A person's experience with alcohol's effects on the body is in part determined by their sex assigned at birth. According to research, a cisgender woman or person assigned female at birth will feel the effects of alcohol more than a cisgender man or person assigned male at birth, even if they are the same weight. There is also increasing evidence that people assigned female at birth are more susceptible to alcohol's damaging effects than are those assigned male.
Please note that if you are taking hormones as part of a gender affirming process, you may find that your experience with alcohol's effects on your body will change but there is not adequate research as yet to describe the full scope and variability of these effects.
Below are explanations of why our bodies process alcohol differently based on our sex assigned at birth:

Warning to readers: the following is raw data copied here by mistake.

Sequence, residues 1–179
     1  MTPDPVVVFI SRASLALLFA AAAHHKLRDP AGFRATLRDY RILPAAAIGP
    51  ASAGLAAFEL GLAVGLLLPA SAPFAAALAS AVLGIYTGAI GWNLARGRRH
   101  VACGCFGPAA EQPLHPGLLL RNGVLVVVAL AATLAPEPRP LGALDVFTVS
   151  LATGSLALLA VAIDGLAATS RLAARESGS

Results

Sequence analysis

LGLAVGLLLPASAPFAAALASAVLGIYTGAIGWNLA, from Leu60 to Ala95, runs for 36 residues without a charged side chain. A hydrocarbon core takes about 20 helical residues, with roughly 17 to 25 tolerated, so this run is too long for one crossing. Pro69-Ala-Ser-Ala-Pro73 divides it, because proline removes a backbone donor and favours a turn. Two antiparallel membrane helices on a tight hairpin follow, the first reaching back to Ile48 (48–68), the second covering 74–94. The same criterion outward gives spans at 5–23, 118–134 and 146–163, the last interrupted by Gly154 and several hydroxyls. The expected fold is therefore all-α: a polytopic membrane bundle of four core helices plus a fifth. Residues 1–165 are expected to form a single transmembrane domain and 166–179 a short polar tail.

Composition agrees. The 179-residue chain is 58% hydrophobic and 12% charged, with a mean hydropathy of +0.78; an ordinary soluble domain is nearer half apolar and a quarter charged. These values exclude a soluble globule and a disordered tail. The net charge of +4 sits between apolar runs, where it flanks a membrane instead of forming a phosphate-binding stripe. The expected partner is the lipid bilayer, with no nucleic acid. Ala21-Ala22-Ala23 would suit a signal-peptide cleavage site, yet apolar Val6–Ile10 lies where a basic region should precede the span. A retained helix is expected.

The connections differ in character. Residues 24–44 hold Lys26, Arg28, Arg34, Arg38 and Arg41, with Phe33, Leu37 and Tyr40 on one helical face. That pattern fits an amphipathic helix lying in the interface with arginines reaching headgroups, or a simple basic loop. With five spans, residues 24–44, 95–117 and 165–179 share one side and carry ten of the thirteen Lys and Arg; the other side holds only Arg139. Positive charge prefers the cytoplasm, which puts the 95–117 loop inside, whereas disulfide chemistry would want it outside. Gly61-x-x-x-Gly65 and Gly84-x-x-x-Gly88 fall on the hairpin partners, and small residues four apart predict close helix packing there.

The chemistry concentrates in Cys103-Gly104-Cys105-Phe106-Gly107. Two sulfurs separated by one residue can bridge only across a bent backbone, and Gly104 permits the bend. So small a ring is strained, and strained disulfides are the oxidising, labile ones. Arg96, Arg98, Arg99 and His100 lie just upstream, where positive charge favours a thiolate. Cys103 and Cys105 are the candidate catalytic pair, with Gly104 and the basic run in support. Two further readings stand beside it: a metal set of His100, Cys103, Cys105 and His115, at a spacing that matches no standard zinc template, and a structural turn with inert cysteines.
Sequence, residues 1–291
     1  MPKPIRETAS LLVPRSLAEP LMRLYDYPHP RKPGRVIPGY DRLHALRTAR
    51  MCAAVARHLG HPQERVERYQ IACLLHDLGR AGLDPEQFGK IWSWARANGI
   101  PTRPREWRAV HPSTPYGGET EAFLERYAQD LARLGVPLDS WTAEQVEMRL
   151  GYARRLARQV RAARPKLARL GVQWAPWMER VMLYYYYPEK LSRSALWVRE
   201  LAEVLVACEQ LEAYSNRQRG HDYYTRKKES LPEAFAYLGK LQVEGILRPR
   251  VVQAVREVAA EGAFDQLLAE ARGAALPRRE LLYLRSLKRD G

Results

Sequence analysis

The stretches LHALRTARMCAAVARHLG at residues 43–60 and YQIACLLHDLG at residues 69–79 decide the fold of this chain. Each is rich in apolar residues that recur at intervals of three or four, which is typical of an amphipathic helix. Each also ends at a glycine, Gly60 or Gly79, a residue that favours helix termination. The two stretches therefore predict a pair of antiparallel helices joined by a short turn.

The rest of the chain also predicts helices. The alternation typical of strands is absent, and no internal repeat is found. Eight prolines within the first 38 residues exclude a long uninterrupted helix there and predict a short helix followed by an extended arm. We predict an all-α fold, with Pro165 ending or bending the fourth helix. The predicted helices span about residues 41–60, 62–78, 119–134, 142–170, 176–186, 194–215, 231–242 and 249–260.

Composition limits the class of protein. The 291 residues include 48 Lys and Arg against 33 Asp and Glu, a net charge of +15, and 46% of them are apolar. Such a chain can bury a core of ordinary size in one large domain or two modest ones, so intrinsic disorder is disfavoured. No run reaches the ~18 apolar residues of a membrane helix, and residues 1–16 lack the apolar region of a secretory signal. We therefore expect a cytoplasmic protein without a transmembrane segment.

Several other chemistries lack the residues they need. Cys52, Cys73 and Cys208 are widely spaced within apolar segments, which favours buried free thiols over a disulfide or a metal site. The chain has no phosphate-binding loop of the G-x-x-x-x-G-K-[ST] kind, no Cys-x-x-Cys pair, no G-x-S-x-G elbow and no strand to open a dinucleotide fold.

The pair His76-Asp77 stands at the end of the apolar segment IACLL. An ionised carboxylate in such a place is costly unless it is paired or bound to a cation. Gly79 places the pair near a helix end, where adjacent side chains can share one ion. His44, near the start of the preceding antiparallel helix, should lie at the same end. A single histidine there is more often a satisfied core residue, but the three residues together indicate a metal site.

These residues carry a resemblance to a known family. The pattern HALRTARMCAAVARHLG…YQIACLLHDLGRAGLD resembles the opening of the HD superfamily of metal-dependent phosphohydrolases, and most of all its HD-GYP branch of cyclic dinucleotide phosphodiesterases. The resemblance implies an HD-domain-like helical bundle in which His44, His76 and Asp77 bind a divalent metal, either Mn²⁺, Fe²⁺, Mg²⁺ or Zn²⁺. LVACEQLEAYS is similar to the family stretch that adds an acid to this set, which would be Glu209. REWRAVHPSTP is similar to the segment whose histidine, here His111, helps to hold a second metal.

Ability to dilute alcohol
Cisgender women and those assigned female at birth have less body water (52% v. 61%). A body with more water will automatically dilute the alcohol more, even if the two people weigh the same amount.
Ability to metabolize alcohol
Cisgender women and those assigned female at birth have less dehydrogenase, a liver enzyme that breaks down alcohol, meaning they will break down alcohol more slowly.
In people who menstruate, premenstrual hormonal changes cause intoxication to set in faster during the days right before a menstrual period. Birth control pills or other medication with estrogen will also slow down the rate at which alcohol is eliminated from the body.
Susceptibility to long-term alcohol-induced damage.
Studies have shown that cisgender women and those assigned female at birth who are heavy drinkers are at greater risk of liver disease, damage to the pancreas and high blood pressure. Research also tells us that proportionately more cisgender women or those assigned female at birth die from cirrhosis than do cisgender men or those assigned male.